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I'm reading in a file with various table names, creating SQL to find a count of all the records in the table, then outputting both the table name and the ...
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  1. #1
    Just Joined!
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    Apr 2007
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    3

    Removing Space in File


    I'm reading in a file with various table names, creating SQL to find a count of all the records in the table, then outputting both the table name and the record count to a file.

    The output file has the table name, a space, then the record count.

    I do not want that space there, but for the life of me, I can't figure out how to make it go away. I'd prefer to have a delimiter like a comma or anything else.

    Here's my wee code to read the input file and create the output file (TableCount is another script that does the counting):

    Code:
    while read line
    do
      RECORDCOUNT=`TableCount $var1 $var2 $var3 $line`
      echo "$line$RECORDCOUNT" >> $TABLECOUNTS
    done < $TABLELIST
    Perhaps the space that I see in the file, isn't really a space... what I've been doing is reading in that file, trying to strip out the space using sed, and writing it to another file just to see what I get. But sed doesn't want to strip out that space.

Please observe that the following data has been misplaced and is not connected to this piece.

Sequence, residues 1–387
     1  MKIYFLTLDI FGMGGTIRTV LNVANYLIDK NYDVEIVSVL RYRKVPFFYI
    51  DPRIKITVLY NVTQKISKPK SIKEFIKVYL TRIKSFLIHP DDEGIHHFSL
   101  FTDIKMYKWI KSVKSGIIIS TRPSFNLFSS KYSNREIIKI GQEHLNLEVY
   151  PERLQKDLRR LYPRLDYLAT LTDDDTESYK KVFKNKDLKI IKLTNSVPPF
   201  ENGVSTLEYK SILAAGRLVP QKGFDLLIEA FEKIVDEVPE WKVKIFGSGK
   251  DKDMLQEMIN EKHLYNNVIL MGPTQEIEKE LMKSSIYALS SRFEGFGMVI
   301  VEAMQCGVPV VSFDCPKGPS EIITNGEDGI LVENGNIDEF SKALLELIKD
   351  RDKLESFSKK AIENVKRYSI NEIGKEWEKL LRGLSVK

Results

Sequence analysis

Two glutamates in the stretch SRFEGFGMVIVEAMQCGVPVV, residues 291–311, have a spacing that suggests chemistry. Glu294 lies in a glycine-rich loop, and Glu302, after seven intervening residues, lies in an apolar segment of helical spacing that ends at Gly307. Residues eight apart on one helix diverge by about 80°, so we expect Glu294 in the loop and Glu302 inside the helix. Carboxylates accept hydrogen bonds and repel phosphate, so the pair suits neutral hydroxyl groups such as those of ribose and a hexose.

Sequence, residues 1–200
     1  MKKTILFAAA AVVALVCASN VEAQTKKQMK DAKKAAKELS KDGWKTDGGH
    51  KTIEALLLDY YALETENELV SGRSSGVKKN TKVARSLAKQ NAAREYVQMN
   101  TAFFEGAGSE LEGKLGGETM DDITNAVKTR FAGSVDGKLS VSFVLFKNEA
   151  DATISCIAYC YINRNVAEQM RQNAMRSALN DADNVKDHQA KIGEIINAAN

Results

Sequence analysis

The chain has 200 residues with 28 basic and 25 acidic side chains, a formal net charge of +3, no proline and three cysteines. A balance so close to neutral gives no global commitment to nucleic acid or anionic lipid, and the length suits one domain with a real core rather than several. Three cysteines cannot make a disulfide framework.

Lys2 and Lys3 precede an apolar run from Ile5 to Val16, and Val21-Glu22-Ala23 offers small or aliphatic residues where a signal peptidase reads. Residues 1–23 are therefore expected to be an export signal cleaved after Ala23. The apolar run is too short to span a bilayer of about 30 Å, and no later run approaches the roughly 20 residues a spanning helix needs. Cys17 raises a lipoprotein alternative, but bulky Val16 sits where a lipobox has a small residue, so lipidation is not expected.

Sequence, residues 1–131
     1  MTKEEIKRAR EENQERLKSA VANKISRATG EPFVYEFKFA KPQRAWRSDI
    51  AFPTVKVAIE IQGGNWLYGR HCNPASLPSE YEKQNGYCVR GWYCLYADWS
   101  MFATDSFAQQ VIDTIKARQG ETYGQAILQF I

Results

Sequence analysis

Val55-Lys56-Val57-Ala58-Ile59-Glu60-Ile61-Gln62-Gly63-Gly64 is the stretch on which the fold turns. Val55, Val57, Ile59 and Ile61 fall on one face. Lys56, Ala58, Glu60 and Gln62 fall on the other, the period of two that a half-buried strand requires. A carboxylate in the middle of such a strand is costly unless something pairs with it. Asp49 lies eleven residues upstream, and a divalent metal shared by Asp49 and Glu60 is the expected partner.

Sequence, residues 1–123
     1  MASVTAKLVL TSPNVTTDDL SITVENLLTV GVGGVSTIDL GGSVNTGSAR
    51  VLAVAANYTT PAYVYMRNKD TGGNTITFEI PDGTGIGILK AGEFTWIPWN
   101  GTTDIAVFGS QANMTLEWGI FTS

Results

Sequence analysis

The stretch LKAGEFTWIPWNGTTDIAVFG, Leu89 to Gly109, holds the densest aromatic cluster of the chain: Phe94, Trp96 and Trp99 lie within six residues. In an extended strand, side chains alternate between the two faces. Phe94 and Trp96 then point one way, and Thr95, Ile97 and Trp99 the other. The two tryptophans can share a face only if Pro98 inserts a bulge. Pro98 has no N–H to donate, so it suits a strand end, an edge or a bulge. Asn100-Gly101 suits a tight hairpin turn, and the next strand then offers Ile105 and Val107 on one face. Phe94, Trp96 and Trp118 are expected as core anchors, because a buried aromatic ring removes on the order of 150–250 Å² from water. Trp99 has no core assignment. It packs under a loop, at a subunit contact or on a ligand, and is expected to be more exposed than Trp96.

Code:
    while read line2
    do
      echo $line2 | sed 's/  */\|/g' >> $TABLECOUNTS2
    done < $TABLECOUNTS
    Seems simple... but I really am a scripting newbie, I don't know sed at all, so I'm going on examples I'm finding on the web. I keep getting a space between the table name and the record count.

    Code:
    Activity
    28191
    Can anyone help? When I load the output file into a Sybase table, and I do a select on it, I don't get the table name properly because it's putting the trailing space into the table. Or so it seems, anyway. I might see if I can just not take that space on the table load... but I wanted to try this first.

    Thanks
    Cynthia

  2. #2
    Linux Guru Cabhan's Avatar
    Join Date
    Jan 2005
    Location
    Seattle, WA, USA
    Posts
    3,252
    In the segment you posted here, it looks like there is no space, but some sort of newline instead.

    Fortunately, it's relatively easy to find out what character you actually have there by using the "od" command. Try the -a and -c flags.

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